How Much Time Do You Have?
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We’re all budgeters; we’re all in this together, but there are many different ways to approach it. Some are certainly more unique than others, and I love all you crazy budgeters out there. I love that we can all make it our own.
Here are a couple of the most common budgeting personalities that I’ve experienced over the years:
Dan is just 100 percent, all-out obsessed with the details. If Dan reconciling, and he is off by a few pennies, he will spend a long time—as long as it takes—to find that difference. He could just maybe make an adjustment transaction and move on, but no, the details.
Typically, Dan has a lot of categories. For Dan, there is power in the details. The positive is that you get a lot of information, and with a lot of information you can, potentially, make better decisions.
The flip side is too much information might mean that you’re not using it at all; that you’re feeling overwhelmed. Or that you get so caught up in the maintenance of these details that you lose steam.
The idea is to budget for the long-haul and make it something that works easily into your life. It doesn’t have to be so hard to work incredibly well. So, if you resonate with Detail Dan, just be aware of the risks and rewards.
Charles has a thousand hidden categories. He has Fresh Started more times than he can count.
We actually promote the Fresh Start because the longer you budget, the more you learn, about your own tendencies, habits, and over time, you start to evolve. Sometimes a Fresh Start is super helpful, in allowing you to apply what you’ve learned more effectively. But that is not why Charles does it, he is just always changing his focus, his goals, and his priorities.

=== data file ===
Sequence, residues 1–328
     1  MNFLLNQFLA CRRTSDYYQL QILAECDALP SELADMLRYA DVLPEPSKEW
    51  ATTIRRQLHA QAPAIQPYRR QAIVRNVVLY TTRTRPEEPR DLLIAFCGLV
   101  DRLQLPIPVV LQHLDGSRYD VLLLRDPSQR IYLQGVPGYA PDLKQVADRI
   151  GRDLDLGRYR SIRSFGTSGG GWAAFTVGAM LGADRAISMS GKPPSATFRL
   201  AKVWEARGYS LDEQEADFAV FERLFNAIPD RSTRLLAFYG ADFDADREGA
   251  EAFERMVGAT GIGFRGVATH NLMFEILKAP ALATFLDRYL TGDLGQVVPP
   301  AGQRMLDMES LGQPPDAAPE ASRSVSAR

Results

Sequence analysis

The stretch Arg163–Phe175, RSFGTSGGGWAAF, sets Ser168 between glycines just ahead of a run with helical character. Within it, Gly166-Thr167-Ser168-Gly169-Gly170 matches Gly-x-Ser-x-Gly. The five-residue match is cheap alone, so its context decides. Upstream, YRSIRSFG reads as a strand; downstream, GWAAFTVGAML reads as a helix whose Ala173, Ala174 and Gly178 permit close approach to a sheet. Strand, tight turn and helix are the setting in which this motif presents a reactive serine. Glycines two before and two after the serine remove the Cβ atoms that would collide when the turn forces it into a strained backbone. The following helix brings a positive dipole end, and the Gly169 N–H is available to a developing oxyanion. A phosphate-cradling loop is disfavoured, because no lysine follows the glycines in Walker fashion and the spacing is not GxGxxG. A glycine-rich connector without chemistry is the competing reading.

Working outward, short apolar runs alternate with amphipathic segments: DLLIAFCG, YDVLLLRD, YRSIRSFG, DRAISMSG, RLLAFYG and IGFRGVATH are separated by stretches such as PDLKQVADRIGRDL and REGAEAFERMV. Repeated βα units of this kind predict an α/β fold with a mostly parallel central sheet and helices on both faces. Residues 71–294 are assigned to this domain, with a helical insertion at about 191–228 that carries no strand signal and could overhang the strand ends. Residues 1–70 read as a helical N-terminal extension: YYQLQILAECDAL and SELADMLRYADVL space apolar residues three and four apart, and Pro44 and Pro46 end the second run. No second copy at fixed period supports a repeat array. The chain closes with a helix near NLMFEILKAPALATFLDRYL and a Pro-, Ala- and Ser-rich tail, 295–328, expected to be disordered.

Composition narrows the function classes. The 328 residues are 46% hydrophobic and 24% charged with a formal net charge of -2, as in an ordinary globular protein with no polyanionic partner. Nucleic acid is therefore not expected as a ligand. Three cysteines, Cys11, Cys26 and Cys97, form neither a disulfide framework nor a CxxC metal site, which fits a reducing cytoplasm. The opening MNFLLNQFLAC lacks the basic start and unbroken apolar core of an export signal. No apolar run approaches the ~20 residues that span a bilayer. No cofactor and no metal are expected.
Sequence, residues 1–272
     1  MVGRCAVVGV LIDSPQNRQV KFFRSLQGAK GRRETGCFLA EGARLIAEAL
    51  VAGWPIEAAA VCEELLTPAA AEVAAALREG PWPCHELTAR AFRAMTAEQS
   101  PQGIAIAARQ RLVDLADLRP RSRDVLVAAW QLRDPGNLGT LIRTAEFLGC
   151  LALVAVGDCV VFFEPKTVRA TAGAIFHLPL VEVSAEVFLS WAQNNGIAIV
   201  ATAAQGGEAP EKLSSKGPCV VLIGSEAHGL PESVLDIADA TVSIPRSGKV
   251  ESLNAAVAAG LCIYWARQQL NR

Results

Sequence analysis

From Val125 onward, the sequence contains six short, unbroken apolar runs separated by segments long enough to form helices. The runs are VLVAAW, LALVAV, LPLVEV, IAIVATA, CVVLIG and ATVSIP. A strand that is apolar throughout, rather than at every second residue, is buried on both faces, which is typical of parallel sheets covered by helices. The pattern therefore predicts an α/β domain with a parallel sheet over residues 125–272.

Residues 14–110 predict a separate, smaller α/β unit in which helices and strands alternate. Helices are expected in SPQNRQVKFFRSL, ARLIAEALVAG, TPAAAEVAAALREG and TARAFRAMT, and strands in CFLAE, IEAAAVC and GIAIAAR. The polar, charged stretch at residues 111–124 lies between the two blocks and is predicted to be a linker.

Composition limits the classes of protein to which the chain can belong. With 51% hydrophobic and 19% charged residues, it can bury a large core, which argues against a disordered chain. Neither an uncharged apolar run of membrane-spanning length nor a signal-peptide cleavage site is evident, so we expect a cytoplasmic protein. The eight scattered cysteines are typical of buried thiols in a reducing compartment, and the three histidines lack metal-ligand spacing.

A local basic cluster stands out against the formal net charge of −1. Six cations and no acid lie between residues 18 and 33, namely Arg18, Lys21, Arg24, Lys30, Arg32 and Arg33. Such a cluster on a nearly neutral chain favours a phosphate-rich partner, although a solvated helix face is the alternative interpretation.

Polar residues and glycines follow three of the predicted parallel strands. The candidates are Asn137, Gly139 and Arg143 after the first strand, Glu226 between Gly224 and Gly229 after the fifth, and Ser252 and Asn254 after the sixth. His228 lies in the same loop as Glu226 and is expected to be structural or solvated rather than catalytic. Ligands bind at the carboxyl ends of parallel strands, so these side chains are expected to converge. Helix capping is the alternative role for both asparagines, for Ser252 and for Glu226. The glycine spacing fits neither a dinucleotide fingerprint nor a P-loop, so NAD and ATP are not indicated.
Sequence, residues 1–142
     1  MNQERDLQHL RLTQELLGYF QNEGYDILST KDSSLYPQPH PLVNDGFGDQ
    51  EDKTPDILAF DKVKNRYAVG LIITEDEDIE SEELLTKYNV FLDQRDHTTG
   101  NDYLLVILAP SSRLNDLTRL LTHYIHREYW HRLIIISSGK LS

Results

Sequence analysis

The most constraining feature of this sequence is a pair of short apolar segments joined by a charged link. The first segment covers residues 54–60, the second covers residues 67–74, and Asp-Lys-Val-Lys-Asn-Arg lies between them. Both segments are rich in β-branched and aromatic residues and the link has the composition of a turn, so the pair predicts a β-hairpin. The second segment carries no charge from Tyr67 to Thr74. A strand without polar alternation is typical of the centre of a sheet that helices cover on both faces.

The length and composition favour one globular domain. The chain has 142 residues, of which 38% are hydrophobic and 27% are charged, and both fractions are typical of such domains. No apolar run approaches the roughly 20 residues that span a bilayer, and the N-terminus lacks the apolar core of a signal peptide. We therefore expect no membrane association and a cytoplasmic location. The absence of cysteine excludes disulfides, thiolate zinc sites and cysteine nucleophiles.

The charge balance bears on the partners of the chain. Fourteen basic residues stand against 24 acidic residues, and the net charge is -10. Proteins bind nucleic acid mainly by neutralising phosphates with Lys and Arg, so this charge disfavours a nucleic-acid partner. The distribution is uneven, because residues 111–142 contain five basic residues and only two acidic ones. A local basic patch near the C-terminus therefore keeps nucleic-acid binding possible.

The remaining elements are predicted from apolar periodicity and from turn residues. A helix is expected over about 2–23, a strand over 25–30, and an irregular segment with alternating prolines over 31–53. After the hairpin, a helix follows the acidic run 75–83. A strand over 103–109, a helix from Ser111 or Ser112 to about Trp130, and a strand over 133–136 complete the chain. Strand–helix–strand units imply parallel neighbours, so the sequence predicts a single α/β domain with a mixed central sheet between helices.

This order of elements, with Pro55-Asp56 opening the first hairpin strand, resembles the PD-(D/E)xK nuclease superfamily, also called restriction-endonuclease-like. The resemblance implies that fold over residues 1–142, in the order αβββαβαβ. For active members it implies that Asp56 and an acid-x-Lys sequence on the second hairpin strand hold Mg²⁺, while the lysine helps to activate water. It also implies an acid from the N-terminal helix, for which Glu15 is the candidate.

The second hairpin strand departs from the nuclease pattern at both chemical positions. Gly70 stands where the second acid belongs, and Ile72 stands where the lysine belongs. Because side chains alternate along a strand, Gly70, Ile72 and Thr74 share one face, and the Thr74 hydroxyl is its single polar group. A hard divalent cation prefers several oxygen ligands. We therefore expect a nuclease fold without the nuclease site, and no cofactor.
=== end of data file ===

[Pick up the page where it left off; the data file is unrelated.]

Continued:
The positive is that, perhaps, Charles is being very thoughtful. If he’s being very introspective and is asking himself, what is most important to me? What should my money be doing? Maybe it’s useful to him. But the downside is, if you change that often, most likely, you haven’t really done the work to properly prioritize.
So all the changes you see Charles making are for change’s sake—they are not making any real impact. Charles changes course and his mind a lot. It can be good if you’re being truly introspective. It can be bad if you just are using that as a way to avoid actually committing to what is most important.
This one is my favorite because you don’t get to use the name Orville very often. Orville the Overcomplicator has made a system, involving many, many accounts and many, many details. Orville just likes things to be a little more complicated than we at YNAB suggest.
The positive is Orville is engaged and on top of things. He feels like his system is custom just to him and that it works. While an outsider wouldn’t understand what Orville’s machinations are (or why he needs them), but Orville gets it and he finds it empowering. The flip side to Orville’s overcomplicated system is that it can be tough to maintain. There is the law of diminishing returns, where his incremental unit of effort is delivering an ever-smaller unit of actual benefit—something to be aware of.
What other personalities have I left out?
At the end of the day though, it all kind of comes back to balance. All of our approaches have strengths and weaknesses, and we have to be aware of ourselves, what works for us, and how we can always be improving.
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Remember, budgeting is not restrictive. You won’t be spending less, you’ll be spending right. You can do this! Today. Right now. What do you have to lose? Except all that debt and stress. (Ok, so kind of a lot.)
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